10:45–12:00   Use of Data Analytics to Improve the Compliance Function                  

A recent Harvard Business Review article puts it simply: “One of the main reasons that companies keep investing more and more in compliance is that they do not have the right measures and thus cannot tell what works and doesn’t work … Firms cannot design effective compliance programs without effective measurement tools.” Panelists will consider how the growing use of sophisticated data analytics techniques can improve a company’s compliance efforts. Panelists will tackle difficult questions concerning what goals or outputs a company should be attempting to measure, and what metrics are most useful in making such assessments. Panelists will discuss the growing practice of continuous auditing, which uses cutting edge data science to perform continual, ongoing risk assessment.

Michael Alles | Rutgers Business School

Kelly L. Gibson │ SEC Division of Enforcement

Patrick J. McGowan│United Technologies Corp.

Moderator:  Seth Rosensweig │ PwC

12:00–12:30  Lunch

12:30-1:30      Keynote Speaker: Jesse Eisinger, ProPublica

Pulitzer Prize winning reporter Jesse Eisinger will discuss his new book, The Chickenshit Club: Why the Justice Department Fails to Prosecute Executives.

1:30 – 2:15     Conflicts of Interest and Compliance

This session will provide insights into “behavioral compliance” highlighting how conflicts of interest and disclosure of such conflicts can affect compliance. Compliance efforts should be better informed by the vast and growing literature in behavioral psychology and findings from that field are often counterintuitive and undermine conventional wisdom in ways that can have important implications. These range from how disclosure may change behavior to which strategies can be most effective at overcoming conflicts of interest and encouraging compliance.

Sunita Sah │ Cornell Graduate School of Management

2:15-2:30        Break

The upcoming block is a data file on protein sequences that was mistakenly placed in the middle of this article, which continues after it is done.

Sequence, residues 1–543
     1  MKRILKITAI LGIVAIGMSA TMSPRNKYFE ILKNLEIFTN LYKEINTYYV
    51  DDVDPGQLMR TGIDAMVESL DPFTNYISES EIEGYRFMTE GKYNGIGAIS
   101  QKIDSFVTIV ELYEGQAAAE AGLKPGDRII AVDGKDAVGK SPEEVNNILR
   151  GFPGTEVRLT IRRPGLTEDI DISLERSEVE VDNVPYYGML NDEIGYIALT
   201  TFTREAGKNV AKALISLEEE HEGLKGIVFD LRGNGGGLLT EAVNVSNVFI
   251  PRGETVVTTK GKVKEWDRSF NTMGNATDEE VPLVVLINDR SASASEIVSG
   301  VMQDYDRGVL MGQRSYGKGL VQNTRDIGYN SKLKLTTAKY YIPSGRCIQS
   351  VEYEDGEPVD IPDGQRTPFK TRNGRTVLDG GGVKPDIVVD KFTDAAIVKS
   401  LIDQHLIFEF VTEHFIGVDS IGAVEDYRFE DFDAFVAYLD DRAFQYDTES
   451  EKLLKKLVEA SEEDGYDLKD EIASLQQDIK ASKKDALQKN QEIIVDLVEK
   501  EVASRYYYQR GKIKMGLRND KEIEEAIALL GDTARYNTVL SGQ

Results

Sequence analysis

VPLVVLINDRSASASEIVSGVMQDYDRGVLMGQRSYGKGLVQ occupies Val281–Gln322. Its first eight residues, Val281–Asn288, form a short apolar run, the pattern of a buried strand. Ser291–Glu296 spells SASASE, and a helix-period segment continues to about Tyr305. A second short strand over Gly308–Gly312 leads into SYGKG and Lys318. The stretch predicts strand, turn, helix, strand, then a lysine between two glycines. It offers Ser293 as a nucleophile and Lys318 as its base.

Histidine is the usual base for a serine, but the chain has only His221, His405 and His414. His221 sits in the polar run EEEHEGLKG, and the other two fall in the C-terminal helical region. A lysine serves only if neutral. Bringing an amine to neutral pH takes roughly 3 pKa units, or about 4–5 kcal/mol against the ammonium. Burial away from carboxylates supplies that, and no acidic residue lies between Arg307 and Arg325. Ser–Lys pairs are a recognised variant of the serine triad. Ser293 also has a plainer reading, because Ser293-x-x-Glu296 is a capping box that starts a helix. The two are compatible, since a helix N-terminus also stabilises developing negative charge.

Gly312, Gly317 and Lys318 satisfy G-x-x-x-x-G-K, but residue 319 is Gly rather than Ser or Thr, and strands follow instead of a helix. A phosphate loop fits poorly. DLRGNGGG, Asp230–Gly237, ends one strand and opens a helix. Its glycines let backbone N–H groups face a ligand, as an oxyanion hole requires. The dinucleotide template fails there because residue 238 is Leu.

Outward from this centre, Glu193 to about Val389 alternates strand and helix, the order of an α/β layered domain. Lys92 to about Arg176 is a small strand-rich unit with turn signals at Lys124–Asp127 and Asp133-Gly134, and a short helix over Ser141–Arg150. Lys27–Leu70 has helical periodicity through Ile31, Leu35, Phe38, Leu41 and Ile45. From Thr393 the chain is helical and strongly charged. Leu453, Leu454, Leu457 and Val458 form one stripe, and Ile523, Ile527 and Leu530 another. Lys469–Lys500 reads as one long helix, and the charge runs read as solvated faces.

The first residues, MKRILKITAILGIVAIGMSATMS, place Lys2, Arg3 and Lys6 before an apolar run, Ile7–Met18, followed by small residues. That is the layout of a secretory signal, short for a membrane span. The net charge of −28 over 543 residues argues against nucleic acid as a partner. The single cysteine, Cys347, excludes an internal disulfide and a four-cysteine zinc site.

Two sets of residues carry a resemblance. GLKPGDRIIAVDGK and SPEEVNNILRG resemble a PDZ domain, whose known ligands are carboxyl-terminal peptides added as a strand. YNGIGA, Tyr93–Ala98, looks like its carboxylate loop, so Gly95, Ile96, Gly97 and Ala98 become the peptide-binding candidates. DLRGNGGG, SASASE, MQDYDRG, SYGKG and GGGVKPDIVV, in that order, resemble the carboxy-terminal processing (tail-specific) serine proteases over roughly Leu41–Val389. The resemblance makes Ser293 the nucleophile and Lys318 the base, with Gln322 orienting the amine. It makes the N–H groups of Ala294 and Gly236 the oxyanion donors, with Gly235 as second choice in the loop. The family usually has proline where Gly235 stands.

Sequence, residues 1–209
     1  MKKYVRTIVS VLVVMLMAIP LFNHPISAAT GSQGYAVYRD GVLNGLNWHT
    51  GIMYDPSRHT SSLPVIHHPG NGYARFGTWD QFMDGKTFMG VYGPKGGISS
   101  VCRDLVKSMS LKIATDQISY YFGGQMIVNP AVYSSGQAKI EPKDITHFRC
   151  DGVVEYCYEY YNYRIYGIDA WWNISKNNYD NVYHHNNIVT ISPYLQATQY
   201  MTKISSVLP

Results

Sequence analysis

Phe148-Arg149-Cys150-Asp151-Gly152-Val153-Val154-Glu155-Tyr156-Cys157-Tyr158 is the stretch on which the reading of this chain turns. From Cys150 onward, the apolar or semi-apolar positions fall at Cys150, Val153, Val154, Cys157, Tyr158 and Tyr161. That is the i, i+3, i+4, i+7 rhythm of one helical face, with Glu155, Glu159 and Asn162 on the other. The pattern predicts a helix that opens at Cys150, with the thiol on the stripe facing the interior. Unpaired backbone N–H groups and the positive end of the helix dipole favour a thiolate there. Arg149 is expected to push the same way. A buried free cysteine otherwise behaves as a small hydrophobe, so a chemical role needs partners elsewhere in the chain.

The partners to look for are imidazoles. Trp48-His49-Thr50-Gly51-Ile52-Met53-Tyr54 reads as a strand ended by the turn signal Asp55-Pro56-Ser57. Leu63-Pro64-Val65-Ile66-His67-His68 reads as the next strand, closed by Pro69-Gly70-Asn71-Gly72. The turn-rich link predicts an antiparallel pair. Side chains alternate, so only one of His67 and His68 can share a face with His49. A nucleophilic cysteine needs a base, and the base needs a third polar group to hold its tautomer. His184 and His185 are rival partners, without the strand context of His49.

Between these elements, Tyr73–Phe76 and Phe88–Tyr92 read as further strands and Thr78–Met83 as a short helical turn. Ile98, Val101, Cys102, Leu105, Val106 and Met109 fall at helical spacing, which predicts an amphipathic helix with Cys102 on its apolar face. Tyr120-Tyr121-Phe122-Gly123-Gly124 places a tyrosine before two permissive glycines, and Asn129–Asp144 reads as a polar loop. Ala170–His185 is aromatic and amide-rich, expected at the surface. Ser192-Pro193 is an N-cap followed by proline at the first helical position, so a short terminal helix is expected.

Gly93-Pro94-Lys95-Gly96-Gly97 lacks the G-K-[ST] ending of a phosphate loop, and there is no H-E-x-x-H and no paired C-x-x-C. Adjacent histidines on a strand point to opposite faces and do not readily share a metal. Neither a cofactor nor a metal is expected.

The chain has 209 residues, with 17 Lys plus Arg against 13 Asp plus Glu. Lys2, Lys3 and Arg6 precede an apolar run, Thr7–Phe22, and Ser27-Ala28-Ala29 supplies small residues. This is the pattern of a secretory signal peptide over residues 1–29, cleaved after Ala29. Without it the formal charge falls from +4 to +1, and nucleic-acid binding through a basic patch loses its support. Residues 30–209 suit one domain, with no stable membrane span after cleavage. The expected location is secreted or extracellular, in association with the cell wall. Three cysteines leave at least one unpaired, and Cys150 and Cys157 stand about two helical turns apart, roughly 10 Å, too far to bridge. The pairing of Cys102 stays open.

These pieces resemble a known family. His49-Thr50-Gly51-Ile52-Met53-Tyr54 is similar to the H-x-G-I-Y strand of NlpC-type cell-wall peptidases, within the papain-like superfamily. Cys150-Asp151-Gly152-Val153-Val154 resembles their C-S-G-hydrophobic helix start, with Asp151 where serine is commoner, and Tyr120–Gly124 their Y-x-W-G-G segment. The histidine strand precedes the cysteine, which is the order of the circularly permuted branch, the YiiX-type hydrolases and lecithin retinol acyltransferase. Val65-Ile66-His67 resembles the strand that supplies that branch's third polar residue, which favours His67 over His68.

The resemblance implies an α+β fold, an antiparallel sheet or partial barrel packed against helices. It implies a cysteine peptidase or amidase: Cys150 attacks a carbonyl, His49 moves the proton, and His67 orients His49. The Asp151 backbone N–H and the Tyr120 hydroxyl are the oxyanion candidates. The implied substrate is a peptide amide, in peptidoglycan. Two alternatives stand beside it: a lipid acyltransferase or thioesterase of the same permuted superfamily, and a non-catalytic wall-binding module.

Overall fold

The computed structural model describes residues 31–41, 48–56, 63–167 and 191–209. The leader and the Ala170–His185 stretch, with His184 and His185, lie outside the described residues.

2:30 – 3:45     The Intersection of Compliance and Risk Management 

This panel will focus on risk management, designing effective structures for compliance, and whistleblowing. Panelists will consider how the compliance function should integrate with the rest of the organization, and what can be done to encourage other parts of an organization to consider compliance as part of everyone’s role. Current structures frequently assign the evaluation of different risks to different divisions—cybersecurity to IT, government issues to a regulatory department, legal risks to the general counsel—but is this fragmentation effective? Moreover, compliance is often seen as at best a cost center, or at worst an impediment to business practice. Panelists will consider whether the design of a firm’s compliance structure can help it function as a partner in business decision-making, help it identify the variety of risks it faces, and help it identify how to manage and mitigate those risks. The panel will also consider the role of whistleblowers, how to measure the effectiveness of a firm’s whistleblowing hotline, and the incentive effects of a whistleblowing program on behavior and culture.

Lee J. Dobkin | University of Pennsylvania and Penn Medicine

Patrick W. Kelley | Formerly Office of Integrity and Compliance │FBI

Jennifer M. Pacella | City University of New York | Baruch College Zicklin School of Business

George A. Stamboulidis │BakerHostetler

Moderator: Nicholas Harbist | Blank Rome

3:45-4:45        Reception on the Clark Commons